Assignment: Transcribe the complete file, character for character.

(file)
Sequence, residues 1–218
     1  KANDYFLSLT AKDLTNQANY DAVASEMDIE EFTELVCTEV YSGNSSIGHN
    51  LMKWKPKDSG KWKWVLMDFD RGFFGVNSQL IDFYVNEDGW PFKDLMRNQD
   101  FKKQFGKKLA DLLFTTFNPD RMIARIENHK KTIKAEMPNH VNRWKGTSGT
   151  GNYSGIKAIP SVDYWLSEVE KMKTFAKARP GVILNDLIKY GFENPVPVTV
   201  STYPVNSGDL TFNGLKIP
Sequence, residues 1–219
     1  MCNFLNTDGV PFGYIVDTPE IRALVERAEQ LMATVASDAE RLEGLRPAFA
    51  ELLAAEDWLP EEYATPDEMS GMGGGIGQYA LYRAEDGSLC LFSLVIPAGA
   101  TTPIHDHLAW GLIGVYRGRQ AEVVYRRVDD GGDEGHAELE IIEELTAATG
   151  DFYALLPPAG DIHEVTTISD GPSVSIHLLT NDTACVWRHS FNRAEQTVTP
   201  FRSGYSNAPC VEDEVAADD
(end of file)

Sequence, residues 1–218
     1  KANDYFLSLT AKDLTNQANY DAVASEMDIE EFTELVCTEV YSGNSSIGHN
    51  LMKWKPKDSG KWKWVLMDFD RGFFGVNSQL IDFYVNEDGW PFKDLMRNQD
   101  FKKQFGKKLA DLLFTTFNPD RMIARIENHK KTIKAEMPNH VNRWKGTSGT
   151  GNYSGIKAIP SVDYWLSEVE KMKTFAKARP GVILNDLIKY GFENPVPVTV
   201  STYPVNSGDL TFNGLKIP
Sequence, residues 1–219
     1  MCNFLNTDGV PFGYIVDTPE IRALVERAEQ LMATVASDAE RLEGLRPAFA
    51  ELLAAEDWLP EEYATPDEMS GMGGGIGQYA LYRAEDGSLC LFSLVIPAGA
   101  TTPIHDHLAW GLIGVYRGRQ AEVVYRRVDD GGDEGHAELE IIEELTAATG
   151  DFYALLPPAG DIHEVTTISD GPSVSIHLLT NDTACVWRHS FNRAEQTVTP
   201  FRSGYSNAPC VEDEVAADD